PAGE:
Make sure that the taskbar is unlocked (right click on an empty area on it to see in the popup menu), and then just drag-and-drop shortcuts into the quick launch area.

Stu writes:

Because I'm fairly competent regarding computer software -- OK, I'm a geek -- I am often asked by friends to help them with some problem or other on their computer. It has been my experience over these many years that the organization of the icons on the desktop is a pretty good predictor of how much work I will be doing. A messy, disorganized desktop usually indicates a messy, disorganized approach to using the computer. Those folks tend to download every program they see, and they download them to the desktop. They don't run AV, backup, or any other utilities. And they just tend to view the computer as some "magic box" that will take care of itself (possibly too many Star Trek episodes). Most of them are very intelligent, but have unrealistic expectations regarding their silicon friends. On the other hand, people who take the time to organize their icons in some way, any way, tend to have fewer problems. When they do have problems, they tend to be less severe. Whether their organization consists of grouping icons on the screen, or using folders, or by using the Quick Launch tool bar, they just seem to understand the need for some care and maintenance when it comes to their computer. I do believe there is a lot of that right brain/left brain concept in this. The folks who are more creative and artistic seem to have a less-organized computer than those logical, objective types. I know it's dangerous to generalize, but when I see a monitor that is covered from top to bottom with dozens (hundreds?) of icons, I just know I'm in for a long session.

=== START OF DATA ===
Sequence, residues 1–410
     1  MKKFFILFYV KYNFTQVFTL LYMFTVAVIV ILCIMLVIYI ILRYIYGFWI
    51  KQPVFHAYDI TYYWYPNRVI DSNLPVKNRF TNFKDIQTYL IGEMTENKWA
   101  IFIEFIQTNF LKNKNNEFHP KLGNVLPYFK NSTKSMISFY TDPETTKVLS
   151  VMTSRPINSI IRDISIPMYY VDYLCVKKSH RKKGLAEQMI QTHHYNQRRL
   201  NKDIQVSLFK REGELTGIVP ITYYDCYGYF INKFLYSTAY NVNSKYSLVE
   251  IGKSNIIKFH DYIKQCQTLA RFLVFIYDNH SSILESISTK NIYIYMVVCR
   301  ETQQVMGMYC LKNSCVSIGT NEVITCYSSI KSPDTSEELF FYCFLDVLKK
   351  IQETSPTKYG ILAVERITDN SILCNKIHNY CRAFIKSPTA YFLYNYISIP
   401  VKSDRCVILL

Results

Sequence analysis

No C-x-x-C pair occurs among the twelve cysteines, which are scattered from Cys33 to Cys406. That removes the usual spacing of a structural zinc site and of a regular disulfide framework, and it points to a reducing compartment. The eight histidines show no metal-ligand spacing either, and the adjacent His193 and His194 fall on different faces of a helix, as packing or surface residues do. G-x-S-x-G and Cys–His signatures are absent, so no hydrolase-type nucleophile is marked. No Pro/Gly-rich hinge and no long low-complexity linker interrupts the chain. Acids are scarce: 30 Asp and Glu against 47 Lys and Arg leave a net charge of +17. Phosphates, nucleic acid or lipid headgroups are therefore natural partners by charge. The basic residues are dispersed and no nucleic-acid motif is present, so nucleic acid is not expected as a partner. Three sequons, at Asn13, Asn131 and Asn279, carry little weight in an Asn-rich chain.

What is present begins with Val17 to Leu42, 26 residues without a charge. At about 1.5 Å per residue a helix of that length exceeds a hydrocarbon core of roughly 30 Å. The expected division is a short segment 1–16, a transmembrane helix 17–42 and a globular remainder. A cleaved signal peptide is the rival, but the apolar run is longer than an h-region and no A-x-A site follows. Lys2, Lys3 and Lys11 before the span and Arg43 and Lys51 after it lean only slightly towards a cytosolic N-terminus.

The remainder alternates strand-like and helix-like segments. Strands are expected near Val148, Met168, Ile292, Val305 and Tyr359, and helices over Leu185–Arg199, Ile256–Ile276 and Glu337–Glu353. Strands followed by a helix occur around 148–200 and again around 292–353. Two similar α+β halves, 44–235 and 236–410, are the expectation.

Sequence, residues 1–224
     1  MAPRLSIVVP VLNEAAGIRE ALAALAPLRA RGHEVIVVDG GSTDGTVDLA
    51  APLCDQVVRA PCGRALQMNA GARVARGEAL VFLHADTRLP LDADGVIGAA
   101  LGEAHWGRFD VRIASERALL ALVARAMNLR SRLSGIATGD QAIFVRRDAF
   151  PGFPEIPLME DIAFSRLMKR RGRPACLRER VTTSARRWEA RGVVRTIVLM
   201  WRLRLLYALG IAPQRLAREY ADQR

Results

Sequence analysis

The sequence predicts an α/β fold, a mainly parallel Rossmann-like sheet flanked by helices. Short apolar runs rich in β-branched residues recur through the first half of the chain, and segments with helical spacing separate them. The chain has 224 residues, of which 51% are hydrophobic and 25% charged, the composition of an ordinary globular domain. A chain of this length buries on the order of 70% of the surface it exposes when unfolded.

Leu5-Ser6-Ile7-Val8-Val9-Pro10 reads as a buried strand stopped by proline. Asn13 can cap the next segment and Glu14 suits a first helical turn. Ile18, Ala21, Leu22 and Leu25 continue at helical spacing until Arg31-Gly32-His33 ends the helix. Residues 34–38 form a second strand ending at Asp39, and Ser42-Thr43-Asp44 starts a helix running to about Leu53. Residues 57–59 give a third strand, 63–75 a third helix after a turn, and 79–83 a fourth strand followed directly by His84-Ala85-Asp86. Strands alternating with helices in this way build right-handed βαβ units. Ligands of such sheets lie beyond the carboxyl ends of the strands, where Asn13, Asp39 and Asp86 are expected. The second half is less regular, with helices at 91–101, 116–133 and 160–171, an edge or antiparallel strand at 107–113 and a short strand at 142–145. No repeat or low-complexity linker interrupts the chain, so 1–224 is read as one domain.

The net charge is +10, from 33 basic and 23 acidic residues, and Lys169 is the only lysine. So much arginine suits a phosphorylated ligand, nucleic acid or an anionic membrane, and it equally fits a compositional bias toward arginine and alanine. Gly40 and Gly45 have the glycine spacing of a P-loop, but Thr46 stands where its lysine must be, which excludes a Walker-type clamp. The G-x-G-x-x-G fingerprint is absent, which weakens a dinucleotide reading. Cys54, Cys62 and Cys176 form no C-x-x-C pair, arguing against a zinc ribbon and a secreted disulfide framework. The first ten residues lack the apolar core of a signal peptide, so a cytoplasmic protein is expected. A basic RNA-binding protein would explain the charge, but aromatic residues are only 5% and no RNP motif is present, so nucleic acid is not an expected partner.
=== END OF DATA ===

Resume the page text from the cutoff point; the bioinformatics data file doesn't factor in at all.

How do I know if I have WPA or WEP I can use when traveling?

Rahul writes:

One question - if the hot-spot turns on the encryption but openly announce the password would it still protect my computer from snooping by others connected to the same hot-spot?

Interestingly enough, the answer appears to be no - anyone sharing that hotspot by virtue of having the encryption password would be able to sniff your traffic.
I have heard that there are potential improvements in the works, but that's a ways off.

*** This Week's Most Popular

The ten most popular articles in the last 7 days on Ask Leo!

  1. How do I make a new MSN Hotmail account?
  2. How do I delete history items from my Google tool bar?
  3. How do I put a picture in a comment on myspace.com?
  4. My desktop Recycle Bin has disappeared - why, and how do I get it back?
  5. Why is my Task Manager disabled, and how do I fix it?